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" the Spirit of Jesus Christ, according to

my earnest expectation, and my hope, .“ that in nothing I shall be ashamed, but “ that with all boldness, as always, so now “ also Christ hall be magnified in my body, “ whether it be by life or by death. For

to me to live is Christ, and to die is gain;" Philip. i. 12,—21. If we live unto the Lord, we shall not seek great things for ourselves. This will be our only concern, that the Lord may be magnified in us, and by us, either by our doing or suffering ; by our life, or by our death. We shall be contented to be employed in any

station his wisdom shall choose for us, and study to honour him in that station by the diligent performance of the duties that belong to it. Though we occupy the meanest office in his family, we shall with pleasure apply ourselves to the work of that office, without repining at those who are dignified with a higher place ; nay, instead of looking at them with envy, we shall rejoice to behold their diligence and success. If our Lord be well served, if much work be done, that will satisfy us, by whatsoever hands the

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work is carried on. We shall execute what falls to our own share in the best manner we can; and pray for larger measures of grace to those who have the honour to be employed in higher pieces of service.

4thly, To live unto the Lord, is to be wholly resigned to his disposal ; blessing him at all times in adversity as well as in prosperity, making him as welcome to take from us as to give unto us.

How well our Apostle had learned this important leffon, appears from his own words, Philip. iv. 12. “I know both how to u be abased, and I know how to abound :

every where, and in all things I am in“ structed, both to be full and to be hungry, « both to abound and to suffer need." It is rebellion against our Lord to repine at any of his dispensations, how afflicting foever.

What have we that we did not receive from him ? and is it not lawful for him to do what he will with his own ? David, after contemplating the heavens, the work of God's fingers, the moon and the stars which he had ordained, breaks forth into this exclamation, Pfal. viii. 4.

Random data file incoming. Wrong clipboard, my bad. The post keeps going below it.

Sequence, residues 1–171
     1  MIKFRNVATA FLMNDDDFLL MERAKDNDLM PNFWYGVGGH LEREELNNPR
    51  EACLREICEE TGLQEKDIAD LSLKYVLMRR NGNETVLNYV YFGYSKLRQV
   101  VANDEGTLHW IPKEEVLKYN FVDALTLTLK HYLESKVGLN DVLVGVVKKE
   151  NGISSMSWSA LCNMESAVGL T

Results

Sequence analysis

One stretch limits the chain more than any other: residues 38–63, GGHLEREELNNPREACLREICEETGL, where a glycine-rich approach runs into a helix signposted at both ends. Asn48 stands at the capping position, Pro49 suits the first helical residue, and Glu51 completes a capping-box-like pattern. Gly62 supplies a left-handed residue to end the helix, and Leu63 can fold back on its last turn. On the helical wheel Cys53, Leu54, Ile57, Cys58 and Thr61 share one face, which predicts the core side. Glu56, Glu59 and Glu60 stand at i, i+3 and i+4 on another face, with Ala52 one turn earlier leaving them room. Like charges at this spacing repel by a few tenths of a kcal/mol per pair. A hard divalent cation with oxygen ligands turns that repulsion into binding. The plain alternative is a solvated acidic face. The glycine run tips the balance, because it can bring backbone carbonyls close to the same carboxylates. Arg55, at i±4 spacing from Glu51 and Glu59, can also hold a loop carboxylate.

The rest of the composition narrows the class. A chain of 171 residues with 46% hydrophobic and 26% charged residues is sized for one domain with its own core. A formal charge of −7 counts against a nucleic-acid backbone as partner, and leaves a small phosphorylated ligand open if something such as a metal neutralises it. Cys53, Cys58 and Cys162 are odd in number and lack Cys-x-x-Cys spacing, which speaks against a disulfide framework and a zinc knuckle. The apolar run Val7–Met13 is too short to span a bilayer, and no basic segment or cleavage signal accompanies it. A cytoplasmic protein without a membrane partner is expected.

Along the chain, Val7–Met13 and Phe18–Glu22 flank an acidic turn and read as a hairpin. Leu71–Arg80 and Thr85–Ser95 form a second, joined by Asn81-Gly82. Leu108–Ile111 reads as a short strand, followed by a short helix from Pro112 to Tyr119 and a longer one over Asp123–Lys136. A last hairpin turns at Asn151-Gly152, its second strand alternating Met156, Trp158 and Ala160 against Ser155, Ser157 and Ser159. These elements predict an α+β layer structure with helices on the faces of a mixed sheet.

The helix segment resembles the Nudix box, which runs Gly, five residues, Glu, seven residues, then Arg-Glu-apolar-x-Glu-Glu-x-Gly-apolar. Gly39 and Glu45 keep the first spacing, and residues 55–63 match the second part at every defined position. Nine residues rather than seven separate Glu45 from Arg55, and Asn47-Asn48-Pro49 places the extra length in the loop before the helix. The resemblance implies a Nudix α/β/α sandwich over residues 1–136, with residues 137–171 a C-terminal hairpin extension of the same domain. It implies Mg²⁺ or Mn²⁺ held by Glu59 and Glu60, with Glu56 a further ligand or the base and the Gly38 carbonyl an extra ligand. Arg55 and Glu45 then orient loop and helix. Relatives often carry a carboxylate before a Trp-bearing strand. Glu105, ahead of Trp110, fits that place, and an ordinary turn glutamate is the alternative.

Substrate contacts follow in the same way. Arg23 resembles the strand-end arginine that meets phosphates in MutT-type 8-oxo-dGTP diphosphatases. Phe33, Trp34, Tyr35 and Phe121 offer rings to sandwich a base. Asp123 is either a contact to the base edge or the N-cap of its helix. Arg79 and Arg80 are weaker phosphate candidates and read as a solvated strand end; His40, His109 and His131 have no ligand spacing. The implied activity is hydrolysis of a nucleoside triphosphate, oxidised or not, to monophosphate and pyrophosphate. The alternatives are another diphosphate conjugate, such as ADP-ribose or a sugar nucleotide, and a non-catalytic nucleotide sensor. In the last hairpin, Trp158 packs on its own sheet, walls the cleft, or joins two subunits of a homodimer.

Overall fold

" What is man,

o that

66 that thou art, mindful of him ? and the “ fon of man, that thou visitest him? For " thou hast made him a little lower than " the angels, and hast crowned him with

glory and honour.” He there celebrates the goodness of God, in assigning to man, at his first creation, so high a rank among the variety and immensity of his works. The form of expression is a little varied, Pfal. cxliv. 3.; where, speaking of God's condescension to man in his fallen and degraded state, he saith, “ Lord, what is man, " that thou takest knowledge of him? or " the son of man, that thou makest account " of him? Man is like to vanity: his days

are as a shadow that passeth away.” This reflection arose from the experience he had of God's unmerited, kindness to himself, « who had taught his hands to war, and hiş

fingers to fight;" who had raised him from the sheepfold to the throne of Ifrael, and had “ subdued his people under him.” But I am persuaded you will agree with me, that what Job faith, (Job vii. 17, 18.), is more striking and emphatical than either of the former two; when, in the deepest

adversity, “ taking

adversity, he expressed himself thus : “What

is man, that thou shouldst magnify him? s and that thou shouldst set thine heart upon « him ? and that thou shouldst visit him every morning, and

try
him

every moment?" David, speaking of the divine beneficence, calls it a being

« mindful” of man, “ knowledge” of man, and “ making ac« count” of him : but when Job speaks of correction and chastisement, he raiseth his style, and calls it God's “ magnifying man, and “ setting his heart” upon him. He wonders that God should bestow such attention upon a sinful creature ; that he should stoop so low as to become his physician ; nay, that he should visit him every morning, to administer medicine for the recovery of his spiritual health, afflicting his body for the good of his soul. In this light will the true disciple of Jesus Christ view the most distressful events of divine Providence. Convinced that his Lord knows what is good for him, better than he doth, he will kiss the rod, and make every dispensation welcome: and though. nature may shrink a little, and even with that the bitter cup

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might pass from him, yet grace will teach him to consent, and dispose him to say,

Nevertheless not my will, but thine be « done.” Once more,

Sthly, To live unto the Lord, is to be so thoroughly devoted to him, as to account that we live not at all, but in so far as we serve him, and show forth his praise.

This, I appprehend, expresseth the true fpirit of the Apostle's words. He reckoned nothing worthy to be called living that was not fubfervient to the great purpose for which life was bestowed. He measured his time, not by days, or months, or years ; but by a succession of services to his dear Master, by those acts of obedience he was enabled to perform. What portions of time were otherwise employed, he did not esteem to be living at all; these he reckoned among the vacancies of life, like the hours that pass away in sleep; which is the image of death. The true Christian prefers one day in the courts of the Lord to a thousand any where else, and would rather be a doorkeeper in the house of his God, than dwell in the tents of wickedness, Vol. II. A a

Thus

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